Mary Longman, Warrior Woman, digital media, 2014 revised 2017.
“For these artists, resilience is embodied as endurance, adaptability and sovereignty in relation to customary practices, contemporary identities, the land, and the impact of colonial practices and strategies. The large-scale billboard images exist outside of art galleries, standing alongside the county’s roadways. The artists in Resilience stand as Defenders of their cultural sovereignty and Protectors of this land.” –Curator Lee-Ann Martin
MAWA is thrilled to be launching Resilience. It is the largest exhibition of Indigenous women artists in Canada’s history … in more ways than one!
Starting on June 1, 2018, MAWA will be presenting the artworks of 50 contemporary artists on 167 billboards from Sidney, Nova Scotia to Victoria, British Columbia, and on large-scale posters in reserves and northern communities in the three territories. Curated by Lee-Ann Martin, this project celebrates the resiliency and creativity of Indigenous women throughout thousands of years on Turtle Island.
Check out the Resilience website that accompanies the project (resilienceproject.ca) to find billboard locations, artist statements and a magnificent, 7,000-word essay by Martin. There is also a video by local Métis producers Wookey Films. All of the graphic elements for this project have been developed by Edmonton-based designer Jacquelyn Cardinal, using water as a metaphor to reflect the power and adaptability of Indigenous women. Web design is by Winnipeg’s Amphibian Design (more water imagery!).
MAWA developed the project in response to Call to Action #79 of the Truth and Reconciliation Commission Report: integration of “Indigenous history, heritage values, and memory practices into Canada’s national heritage and history”. This project is a creative act of reconciliation—one of many in MAWA’s programming. Since MAWA’s 2005 Urban Aboriginal Report, MAWA has actively integrated Indigenous women as leaders into all programs and has also developed programming specifically for Indigenous women artists. It is part of MAWA’s commitment to decolonization, and something that we ask you, the MAWA community, to hold us accountable to.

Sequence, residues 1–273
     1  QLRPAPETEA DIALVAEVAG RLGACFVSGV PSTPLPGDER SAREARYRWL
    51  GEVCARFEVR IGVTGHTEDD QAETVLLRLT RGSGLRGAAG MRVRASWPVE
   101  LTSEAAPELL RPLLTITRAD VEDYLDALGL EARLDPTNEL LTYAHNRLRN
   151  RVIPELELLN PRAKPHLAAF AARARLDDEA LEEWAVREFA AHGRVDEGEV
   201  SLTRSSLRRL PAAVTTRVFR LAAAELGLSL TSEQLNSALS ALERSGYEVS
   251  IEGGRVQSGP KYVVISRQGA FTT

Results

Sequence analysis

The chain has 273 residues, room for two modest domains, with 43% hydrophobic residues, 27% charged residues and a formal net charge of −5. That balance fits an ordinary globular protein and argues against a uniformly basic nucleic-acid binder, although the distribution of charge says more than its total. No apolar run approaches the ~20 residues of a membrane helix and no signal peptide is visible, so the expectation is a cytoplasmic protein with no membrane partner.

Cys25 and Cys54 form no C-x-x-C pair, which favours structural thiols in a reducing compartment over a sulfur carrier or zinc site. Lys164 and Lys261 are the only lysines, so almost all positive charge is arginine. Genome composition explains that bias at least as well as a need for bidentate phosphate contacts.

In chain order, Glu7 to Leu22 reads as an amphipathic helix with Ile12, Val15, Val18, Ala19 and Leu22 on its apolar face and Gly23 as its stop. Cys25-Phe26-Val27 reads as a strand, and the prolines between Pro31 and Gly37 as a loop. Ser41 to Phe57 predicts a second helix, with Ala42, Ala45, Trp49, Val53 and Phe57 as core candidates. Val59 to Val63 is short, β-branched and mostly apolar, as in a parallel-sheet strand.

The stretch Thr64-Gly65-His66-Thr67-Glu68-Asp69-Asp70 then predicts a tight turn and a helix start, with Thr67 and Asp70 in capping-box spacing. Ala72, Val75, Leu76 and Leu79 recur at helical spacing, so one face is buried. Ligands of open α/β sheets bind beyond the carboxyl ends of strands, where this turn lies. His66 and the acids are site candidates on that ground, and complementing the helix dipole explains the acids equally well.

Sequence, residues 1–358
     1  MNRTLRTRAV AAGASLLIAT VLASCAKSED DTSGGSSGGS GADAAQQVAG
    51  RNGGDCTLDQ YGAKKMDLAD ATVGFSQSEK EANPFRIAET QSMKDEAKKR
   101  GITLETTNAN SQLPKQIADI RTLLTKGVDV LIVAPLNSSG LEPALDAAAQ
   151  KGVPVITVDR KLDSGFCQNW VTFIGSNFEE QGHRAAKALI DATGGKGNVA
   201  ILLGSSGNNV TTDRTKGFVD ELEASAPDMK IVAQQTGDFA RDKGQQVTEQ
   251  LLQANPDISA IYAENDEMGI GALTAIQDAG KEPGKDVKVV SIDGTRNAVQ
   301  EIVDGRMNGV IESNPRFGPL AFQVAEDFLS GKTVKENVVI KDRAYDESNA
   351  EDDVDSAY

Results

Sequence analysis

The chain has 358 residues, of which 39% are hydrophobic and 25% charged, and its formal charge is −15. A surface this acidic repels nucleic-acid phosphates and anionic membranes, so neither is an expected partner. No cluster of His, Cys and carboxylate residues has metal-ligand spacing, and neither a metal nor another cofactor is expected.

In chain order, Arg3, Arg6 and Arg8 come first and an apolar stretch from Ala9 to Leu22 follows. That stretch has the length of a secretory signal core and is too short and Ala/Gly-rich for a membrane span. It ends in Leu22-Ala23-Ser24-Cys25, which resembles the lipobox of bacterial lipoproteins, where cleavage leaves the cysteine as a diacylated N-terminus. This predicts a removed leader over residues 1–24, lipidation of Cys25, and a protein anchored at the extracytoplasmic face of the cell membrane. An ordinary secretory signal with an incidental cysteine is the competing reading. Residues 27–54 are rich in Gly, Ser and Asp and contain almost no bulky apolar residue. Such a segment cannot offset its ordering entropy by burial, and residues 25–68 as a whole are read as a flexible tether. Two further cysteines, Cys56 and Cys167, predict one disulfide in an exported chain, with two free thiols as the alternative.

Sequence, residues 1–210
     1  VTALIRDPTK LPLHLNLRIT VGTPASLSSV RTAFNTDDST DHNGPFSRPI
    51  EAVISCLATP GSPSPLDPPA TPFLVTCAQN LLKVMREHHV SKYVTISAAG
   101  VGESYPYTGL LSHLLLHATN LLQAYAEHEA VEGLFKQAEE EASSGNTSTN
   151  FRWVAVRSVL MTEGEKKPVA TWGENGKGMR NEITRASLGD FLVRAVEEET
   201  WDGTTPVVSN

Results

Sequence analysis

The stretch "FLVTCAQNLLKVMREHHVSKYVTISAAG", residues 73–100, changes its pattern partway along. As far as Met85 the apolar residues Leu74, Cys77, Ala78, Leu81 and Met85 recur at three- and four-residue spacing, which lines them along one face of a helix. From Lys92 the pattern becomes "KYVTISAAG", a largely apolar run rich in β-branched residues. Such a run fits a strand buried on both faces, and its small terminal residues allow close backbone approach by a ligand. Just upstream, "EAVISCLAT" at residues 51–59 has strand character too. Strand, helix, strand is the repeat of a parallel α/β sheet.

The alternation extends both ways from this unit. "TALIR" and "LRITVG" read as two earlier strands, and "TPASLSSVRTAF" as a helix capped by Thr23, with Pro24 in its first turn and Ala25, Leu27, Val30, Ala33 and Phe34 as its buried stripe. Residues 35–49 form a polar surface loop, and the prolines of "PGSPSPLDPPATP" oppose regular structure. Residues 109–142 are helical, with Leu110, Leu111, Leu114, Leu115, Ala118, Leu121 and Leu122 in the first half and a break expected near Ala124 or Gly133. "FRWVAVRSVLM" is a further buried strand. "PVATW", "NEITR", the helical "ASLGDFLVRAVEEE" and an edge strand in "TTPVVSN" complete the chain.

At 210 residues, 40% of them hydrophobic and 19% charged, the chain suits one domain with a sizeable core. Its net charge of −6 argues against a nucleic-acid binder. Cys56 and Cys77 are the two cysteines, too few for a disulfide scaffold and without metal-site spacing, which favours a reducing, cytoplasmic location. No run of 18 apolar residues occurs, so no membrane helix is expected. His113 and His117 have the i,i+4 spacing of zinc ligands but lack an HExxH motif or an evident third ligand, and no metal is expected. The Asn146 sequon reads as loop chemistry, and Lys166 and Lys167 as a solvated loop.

MAWA couldn’t do a project of this scale without special funding and a dedicated Project Manager. Resilience is one of 200 exceptional projects funded through the Canada Council for the Arts’ New Chapter program. With this $35M investment, the Council supports the creation and sharing of the arts in communities across Canada. The project was brought to fruition by Lindsey Bond, who oversaw all aspects of this vast enterprise. Lindsey was guided by Knowledge Keeper Ko’ona Saber. To both of these women, MAWA is deeply indebted.
We are deeply honoured to be showing the work of 50 amazing artists, really, really big, all over the nation!
–Co-EDs Shawna Dempsey and Dana Kletke
KC Adams, Kenojuak Ashevak, Shuvinai Ashoona, Rebecca Gloria-Jean Baird, Mary Anne Barkhouse, Christi Belcourt, Rebecca Belmore, Jaime Black, Lori Blondeau, Heather Campbell, Joane Cardinal-Schubert, Lianne Marie Leda Charlie, Hannah Claus, Dana Claxton, Ruth Cuthand, Dayna Danger, Patricia Deadman, Bonnie Devine, Rosalie Favell, Vanessa Dion Fletcher, Lita Fontaine, Melissa General, Tanya Harnett, Maria Hupfield, Ursula Johnson, Bev Koski, Nadya Kwandibens, Mary Longman, Amy Malbeuf, Teresa Marshall, Meryl McMaster, Caroline Monnet, Lisa Myers, Nadia Myre, Jade Nasogaluak Carpenter, Marianne Nicolson, Shelley Niro, Jeneen Frei Njootli, Nigit'stil Norbert, Daphne Odjig, Jane Ash Poitras, Annie Pootoogook, Sherry Farrell Racette, Sonia Robertson, Pitaloosie Saila, Jessie Short, Skawennati, Jackie Traverse, Jennie Williams and Terri-Lynn Williams-Davidson